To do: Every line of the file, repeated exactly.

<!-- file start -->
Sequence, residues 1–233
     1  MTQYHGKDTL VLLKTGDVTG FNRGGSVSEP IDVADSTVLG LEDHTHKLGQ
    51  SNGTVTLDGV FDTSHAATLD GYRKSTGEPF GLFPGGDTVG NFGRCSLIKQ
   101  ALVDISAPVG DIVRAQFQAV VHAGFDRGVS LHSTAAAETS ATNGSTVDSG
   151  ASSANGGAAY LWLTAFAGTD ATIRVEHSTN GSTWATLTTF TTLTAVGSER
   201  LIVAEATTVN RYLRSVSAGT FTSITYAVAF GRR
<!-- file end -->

Sequence, residues 1–233
     1  MTQYHGKDTL VLLKTGDVTG FNRGGSVSEP IDVADSTVLG LEDHTHKLGQ
    51  SNGTVTLDGV FDTSHAATLD GYRKSTGEPF GLFPGGDTVG NFGRCSLIKQ
   101  ALVDISAPVG DIVRAQFQAV VHAGFDRGVS LHSTAAAETS ATNGSTVDSG
   151  ASSANGGAAY LWLTAFAGTD ATIRVEHSTN GSTWATLTTF TTLTAVGSER
   201  LIVAEATTVN RYLRSVSAGT FTSITYAVAF GRR